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Options introduction and volatility in the EU ETS

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  • Chevallier, Julien
  • Le Pen, Yannick
  • Sévi, Benoît

Abstract

To improve risk management in the European Union Emissions Trading Scheme (EU ETS), the European Climate Exchange (ECX) has introduced option instruments in October 2006 after regulatory authorization. The central question we address is: can we identify a potential destabilizing effect of the introduction of options on the underlying market (EU ETS futures)? Indeed, the literature on commodities futures suggest that the introduction of derivatives may either decrease (due to more market depth) or increase (due to more speculation) volatility. As the identification of these effects ultimately remains an empirical question, we use daily data from April 2005 to April 2008 to document volatility behavior in the EU ETS. By instrumenting various GARCH models, endogenous break tests, and rolling window estimations, our results overall suggest that the introduction of the option market had no effect on the volatility in the EU ETS. These finding are robust to other likely influences linked to energy and commodity markets.

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Bibliographic Info

Paper provided by Paris Dauphine University in its series Economics Papers from University Paris Dauphine with number 123456789/6793.

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Date of creation: Nov 2011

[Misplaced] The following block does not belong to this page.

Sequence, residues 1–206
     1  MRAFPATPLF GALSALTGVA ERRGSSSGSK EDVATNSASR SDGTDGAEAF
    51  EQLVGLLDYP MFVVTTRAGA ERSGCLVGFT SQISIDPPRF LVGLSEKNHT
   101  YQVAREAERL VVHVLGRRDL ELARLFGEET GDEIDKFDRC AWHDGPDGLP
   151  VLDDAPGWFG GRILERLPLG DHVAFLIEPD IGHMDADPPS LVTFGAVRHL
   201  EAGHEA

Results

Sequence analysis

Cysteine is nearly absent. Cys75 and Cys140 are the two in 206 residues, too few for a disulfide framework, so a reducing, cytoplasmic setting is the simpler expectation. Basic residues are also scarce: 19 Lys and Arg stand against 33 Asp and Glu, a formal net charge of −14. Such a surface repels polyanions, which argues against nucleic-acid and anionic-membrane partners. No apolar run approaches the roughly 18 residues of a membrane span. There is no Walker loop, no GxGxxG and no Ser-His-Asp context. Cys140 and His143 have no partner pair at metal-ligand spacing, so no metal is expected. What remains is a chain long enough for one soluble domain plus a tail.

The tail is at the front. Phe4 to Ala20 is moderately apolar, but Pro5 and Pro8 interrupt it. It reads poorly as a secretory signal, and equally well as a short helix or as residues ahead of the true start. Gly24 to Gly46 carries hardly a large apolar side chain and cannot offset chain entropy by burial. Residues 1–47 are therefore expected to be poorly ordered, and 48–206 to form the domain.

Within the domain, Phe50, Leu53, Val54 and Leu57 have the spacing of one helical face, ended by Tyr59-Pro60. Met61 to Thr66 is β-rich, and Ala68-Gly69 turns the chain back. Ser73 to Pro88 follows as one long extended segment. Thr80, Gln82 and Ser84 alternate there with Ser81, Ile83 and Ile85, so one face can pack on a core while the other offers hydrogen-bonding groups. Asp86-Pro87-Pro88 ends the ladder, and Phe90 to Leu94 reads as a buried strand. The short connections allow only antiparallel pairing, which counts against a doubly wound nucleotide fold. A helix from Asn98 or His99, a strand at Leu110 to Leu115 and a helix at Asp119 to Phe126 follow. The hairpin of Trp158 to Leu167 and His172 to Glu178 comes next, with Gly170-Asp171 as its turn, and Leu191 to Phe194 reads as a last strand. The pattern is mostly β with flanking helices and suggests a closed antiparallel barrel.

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Publication status: Published in Resource and Energy Economics, 2011, Vol. 33, no. 4. pp. 855-880.Length: 25 pages
Handle: RePEc:dau:papers:123456789/6793

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Web page: http://www.dauphine.fr/en/welcome.html
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Related research

Keywords: EU ETS; Option prices; Volatility; GARCH; Rolling Estimation; Endogenous Structural Break Detection;

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References

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Citations

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Cited by:
  1. Fagiani, Riccardo & Hakvoort, Rudi, 2014. "The role of regulatory uncertainty in certificate markets: A case study of the Swedish/Norwegian market," Energy Policy, Elsevier, vol. 65(C), pages 608-618.
  2. Zhou, P. & Zhang, L. & Zhou, D.Q. & Xia, W.J., 2013. "Modeling economic performance of interprovincial CO2 emission reduction quota trading in China," Applied Energy, Elsevier, vol. 112(C), pages 1518-1528.
  3. Marc Gronwald & Janina Ketterer & Stefan Trück, 2011. "The Dependence Structure between Carbon Emission Allowances and Financial Markets - A Copula Analysis," CESifo Working Paper Series 3418, CESifo Group Munich.
  4. Andrea Petrella & Sandro Sapio, 2010. "No PUN intended: A time series analysis of the Italian day-ahead electricity prices," RSCAS Working Papers 2010/03, European University Institute.
  5. Chevallier, Julien, 2013. "Variance risk-premia in CO2 markets," Economic Modelling, Elsevier, vol. 31(C), pages 598-605.

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